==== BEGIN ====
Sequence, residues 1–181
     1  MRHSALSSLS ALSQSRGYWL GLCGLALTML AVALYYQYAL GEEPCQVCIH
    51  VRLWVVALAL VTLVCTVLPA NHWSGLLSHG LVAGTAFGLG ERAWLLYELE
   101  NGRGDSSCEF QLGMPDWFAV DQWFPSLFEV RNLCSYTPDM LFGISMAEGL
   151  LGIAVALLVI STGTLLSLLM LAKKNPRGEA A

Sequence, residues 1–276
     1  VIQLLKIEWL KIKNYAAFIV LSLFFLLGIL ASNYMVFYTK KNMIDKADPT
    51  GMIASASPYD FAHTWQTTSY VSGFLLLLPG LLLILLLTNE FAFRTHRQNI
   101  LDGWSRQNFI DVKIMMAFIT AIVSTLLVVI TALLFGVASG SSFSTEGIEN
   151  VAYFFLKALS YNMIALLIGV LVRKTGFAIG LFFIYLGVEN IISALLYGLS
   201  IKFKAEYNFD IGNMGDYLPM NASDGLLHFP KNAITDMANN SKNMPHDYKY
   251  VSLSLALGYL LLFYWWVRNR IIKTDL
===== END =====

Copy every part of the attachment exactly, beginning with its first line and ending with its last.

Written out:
Sequence, residues 1–181
     1  MRHSALSSLS ALSQSRGYWL GLCGLALTML AVALYYQYAL GEEPCQVCIH
    51  VRLWVVALAL VTLVCTVLPA NHWSGLLSHG LVAGTAFGLG ERAWLLYELE
   101  NGRGDSSCEF QLGMPDWFAV DQWFPSLFEV RNLCSYTPDM LFGISMAEGL
   151  LGIAVALLVI STGTLLSLLM LAKKNPRGEA A

Sequence, residues 1–276
     1  VIQLLKIEWL KIKNYAAFIV LSLFFLLGIL ASNYMVFYTK KNMIDKADPT
    51  GMIASASPYD FAHTWQTTSY VSGFLLLLPG LLLILLLTNE FAFRTHRQNI
   101  LDGWSRQNFI DVKIMMAFIT AIVSTLLVVI TALLFGVASG SSFSTEGIEN
   151  VAYFFLKALS YNMIALLIGV LVRKTGFAIG LFFIYLGVEN IISALLYGLS
   201  IKFKAEYNFD IGNMGDYLPM NASDGLLHFP KNAITDMANN SKNMPHDYKY
   251  VSLSLALGYL LLFYWWVRNR IIKTDL